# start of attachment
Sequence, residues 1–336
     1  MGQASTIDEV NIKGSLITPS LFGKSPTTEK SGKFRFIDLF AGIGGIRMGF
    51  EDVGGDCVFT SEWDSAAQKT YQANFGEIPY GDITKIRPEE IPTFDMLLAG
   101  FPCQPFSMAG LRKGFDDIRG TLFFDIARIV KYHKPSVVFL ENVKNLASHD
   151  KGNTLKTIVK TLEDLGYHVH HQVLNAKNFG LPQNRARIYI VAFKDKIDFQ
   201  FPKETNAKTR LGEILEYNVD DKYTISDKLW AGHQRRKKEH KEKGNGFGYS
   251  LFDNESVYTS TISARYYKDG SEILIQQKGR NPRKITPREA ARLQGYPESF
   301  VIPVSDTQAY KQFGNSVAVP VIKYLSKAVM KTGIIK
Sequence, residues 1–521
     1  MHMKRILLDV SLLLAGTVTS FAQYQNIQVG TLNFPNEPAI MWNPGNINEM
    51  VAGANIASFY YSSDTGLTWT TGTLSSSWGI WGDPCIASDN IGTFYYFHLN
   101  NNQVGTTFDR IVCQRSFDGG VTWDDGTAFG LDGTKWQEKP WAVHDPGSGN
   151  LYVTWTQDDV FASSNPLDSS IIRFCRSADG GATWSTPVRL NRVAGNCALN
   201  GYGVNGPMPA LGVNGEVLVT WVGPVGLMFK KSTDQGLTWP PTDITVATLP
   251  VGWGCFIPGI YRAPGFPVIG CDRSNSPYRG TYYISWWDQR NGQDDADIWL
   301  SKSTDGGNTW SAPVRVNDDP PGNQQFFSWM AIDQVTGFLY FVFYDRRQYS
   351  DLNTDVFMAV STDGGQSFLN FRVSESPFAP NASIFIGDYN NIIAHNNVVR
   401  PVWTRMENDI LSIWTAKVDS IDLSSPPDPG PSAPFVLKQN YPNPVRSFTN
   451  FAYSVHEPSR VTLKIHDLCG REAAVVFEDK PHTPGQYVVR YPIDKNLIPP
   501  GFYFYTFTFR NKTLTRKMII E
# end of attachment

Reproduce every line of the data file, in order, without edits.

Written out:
Sequence, residues 1–336
     1  MGQASTIDEV NIKGSLITPS LFGKSPTTEK SGKFRFIDLF AGIGGIRMGF
    51  EDVGGDCVFT SEWDSAAQKT YQANFGEIPY GDITKIRPEE IPTFDMLLAG
   101  FPCQPFSMAG LRKGFDDIRG TLFFDIARIV KYHKPSVVFL ENVKNLASHD
   151  KGNTLKTIVK TLEDLGYHVH HQVLNAKNFG LPQNRARIYI VAFKDKIDFQ
   201  FPKETNAKTR LGEILEYNVD DKYTISDKLW AGHQRRKKEH KEKGNGFGYS
   251  LFDNESVYTS TISARYYKDG SEILIQQKGR NPRKITPREA ARLQGYPESF
   301  VIPVSDTQAY KQFGNSVAVP VIKYLSKAVM KTGIIK
Sequence, residues 1–521
     1  MHMKRILLDV SLLLAGTVTS FAQYQNIQVG TLNFPNEPAI MWNPGNINEM
    51  VAGANIASFY YSSDTGLTWT TGTLSSSWGI WGDPCIASDN IGTFYYFHLN
   101  NNQVGTTFDR IVCQRSFDGG VTWDDGTAFG LDGTKWQEKP WAVHDPGSGN
   151  LYVTWTQDDV FASSNPLDSS IIRFCRSADG GATWSTPVRL NRVAGNCALN
   201  GYGVNGPMPA LGVNGEVLVT WVGPVGLMFK KSTDQGLTWP PTDITVATLP
   251  VGWGCFIPGI YRAPGFPVIG CDRSNSPYRG TYYISWWDQR NGQDDADIWL
   301  SKSTDGGNTW SAPVRVNDDP PGNQQFFSWM AIDQVTGFLY FVFYDRRQYS
   351  DLNTDVFMAV STDGGQSFLN FRVSESPFAP NASIFIGDYN NIIAHNNVVR
   401  PVWTRMENDI LSIWTAKVDS IDLSSPPDPG PSAPFVLKQN YPNPVRSFTN
   451  FAYSVHEPSR VTLKIHDLCG REAAVVFEDK PHTPGQYVVR YPIDKNLIPP
   501  GFYFYTFTFR NKTLTRKMII E